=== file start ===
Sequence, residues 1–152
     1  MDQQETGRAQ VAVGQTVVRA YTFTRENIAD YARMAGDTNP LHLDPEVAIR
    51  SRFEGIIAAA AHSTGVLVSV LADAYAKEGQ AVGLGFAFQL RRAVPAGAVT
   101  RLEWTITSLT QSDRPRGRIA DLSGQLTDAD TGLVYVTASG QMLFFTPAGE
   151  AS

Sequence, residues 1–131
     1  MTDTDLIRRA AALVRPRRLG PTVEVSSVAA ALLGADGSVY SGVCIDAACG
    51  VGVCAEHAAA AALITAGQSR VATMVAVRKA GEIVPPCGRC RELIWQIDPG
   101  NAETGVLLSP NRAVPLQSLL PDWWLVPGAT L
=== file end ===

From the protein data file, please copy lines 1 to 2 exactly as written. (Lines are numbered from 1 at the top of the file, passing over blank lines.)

Sequence, residues 1–152
     1  MDQQETGRAQ VAVGQTVVRA YTFTRENIAD YARMAGDTNP LHLDPEVAIR